# Integrate improper integral with infinite discontenuities

1. Oct 30, 2012

### alust92

1. The problem statement, all variables and given/known data

Integrate the improper integral (use correct notation). State whether it's converging or diverging.
10
∫ 7/(x-9)^2 dx
8
2. Relevant equations

b c
∫ f(x) dx= lim ∫ f(x) dx
a c → d a

3. The attempt at a solution

b
lim ∫ 7(x-9)^2 dx
c → 10- 8

Let u= x-9
-du= dx

lim ∫ -u^2
c→10-

lim -2u^2
c→10-

lim -2(x-9)^2
c→10-

lim -2(10-9)^2-2(8-9)^2
c→10-

I know I must be doing something wrong because the answer is ∞, any ideas where I went wrong?

2. Oct 30, 2012

### Staff: Mentor

Mod note: Added [ code ] tags to preserve the OP's spacing.
The problem is not at 10 - it's at 9, which is where the denominator becomes zero. You're going to have to split the interval [8, 10] into two parts, and then deal with each separately.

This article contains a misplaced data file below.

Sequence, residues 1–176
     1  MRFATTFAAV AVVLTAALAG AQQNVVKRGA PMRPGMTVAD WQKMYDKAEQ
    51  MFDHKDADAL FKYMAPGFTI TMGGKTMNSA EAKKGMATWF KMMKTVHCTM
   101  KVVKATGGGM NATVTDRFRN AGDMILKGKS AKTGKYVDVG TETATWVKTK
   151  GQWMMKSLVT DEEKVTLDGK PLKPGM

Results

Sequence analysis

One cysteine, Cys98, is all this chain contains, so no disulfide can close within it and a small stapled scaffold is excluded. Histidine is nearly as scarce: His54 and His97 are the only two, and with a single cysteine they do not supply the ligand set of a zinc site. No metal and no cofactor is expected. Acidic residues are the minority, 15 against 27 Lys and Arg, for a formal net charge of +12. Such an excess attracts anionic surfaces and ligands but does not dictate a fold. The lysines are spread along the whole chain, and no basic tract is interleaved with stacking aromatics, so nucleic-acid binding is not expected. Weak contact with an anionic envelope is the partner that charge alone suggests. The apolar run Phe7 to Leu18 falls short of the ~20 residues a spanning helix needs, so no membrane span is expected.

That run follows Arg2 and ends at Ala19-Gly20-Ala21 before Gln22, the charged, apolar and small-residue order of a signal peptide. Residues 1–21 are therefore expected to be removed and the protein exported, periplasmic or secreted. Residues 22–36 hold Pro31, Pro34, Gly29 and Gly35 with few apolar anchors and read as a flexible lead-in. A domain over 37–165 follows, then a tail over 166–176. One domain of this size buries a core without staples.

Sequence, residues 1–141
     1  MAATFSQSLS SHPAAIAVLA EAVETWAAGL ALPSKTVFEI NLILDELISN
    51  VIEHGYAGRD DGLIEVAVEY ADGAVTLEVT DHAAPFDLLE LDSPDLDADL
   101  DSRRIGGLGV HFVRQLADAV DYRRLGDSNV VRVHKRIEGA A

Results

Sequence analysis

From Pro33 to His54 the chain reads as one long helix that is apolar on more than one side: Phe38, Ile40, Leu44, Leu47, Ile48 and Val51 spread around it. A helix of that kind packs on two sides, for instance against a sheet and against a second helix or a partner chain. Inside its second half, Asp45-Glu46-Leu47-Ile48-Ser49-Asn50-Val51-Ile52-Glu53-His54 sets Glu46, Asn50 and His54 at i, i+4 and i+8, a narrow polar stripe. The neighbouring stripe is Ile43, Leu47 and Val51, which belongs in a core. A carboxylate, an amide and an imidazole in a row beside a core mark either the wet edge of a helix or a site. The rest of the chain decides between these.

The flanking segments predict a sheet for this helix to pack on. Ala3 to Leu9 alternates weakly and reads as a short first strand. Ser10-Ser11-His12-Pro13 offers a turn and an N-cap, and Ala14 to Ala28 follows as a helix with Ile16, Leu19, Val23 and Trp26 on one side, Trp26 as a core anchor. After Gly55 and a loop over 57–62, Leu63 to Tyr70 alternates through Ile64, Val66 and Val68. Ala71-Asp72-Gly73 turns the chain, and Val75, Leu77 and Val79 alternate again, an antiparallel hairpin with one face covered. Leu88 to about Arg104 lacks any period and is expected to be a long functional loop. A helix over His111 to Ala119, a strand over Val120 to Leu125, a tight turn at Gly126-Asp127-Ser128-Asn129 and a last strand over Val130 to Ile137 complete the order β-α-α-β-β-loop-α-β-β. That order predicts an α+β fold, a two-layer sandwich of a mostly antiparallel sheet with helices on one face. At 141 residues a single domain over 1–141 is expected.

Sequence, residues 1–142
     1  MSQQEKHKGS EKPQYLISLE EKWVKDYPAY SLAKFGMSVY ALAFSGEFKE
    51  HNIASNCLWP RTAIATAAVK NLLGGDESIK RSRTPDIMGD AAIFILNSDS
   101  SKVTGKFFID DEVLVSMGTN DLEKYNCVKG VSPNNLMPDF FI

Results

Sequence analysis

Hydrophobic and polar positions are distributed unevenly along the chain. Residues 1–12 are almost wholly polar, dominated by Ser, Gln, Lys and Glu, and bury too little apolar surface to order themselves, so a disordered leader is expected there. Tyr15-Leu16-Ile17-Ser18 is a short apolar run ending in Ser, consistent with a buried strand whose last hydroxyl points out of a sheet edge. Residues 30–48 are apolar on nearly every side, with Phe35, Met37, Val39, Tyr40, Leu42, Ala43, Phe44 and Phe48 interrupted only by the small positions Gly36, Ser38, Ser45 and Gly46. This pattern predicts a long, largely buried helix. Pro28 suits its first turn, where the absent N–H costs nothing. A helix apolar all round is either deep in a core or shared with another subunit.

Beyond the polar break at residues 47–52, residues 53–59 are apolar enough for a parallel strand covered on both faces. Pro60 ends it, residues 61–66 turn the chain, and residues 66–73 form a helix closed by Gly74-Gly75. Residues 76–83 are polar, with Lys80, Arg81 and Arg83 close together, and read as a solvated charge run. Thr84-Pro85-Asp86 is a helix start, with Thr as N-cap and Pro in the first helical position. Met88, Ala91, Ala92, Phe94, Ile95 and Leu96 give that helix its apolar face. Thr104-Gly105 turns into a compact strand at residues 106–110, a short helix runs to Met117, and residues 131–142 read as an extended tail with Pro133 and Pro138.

3. Oct 30, 2012

### alust92

Ok, so here's what I've got.
9 10
∫ 7/(x-9)^2 dx + ∫ 7/(x-9)^2
8 9

9 9
∫ 7/(x-9)^2 dx = lim ∫ 7/(x-9)^2 dx
8 x→9 8

10 9
∫ 7/(x-9)^2 dx = lim ∫ 7/(x-9)^2 dx
8 x→9 8

10
∫ 7/(x-9)^2 dx
8

Am I on the right track?

Last edited: Oct 30, 2012
4. Oct 30, 2012

### Staff: Mentor

The above is correct.
The limit should be taken as b →9-, not as x →9. The upper limit of integration should be b.

What you have just below is just the repeat of the line above.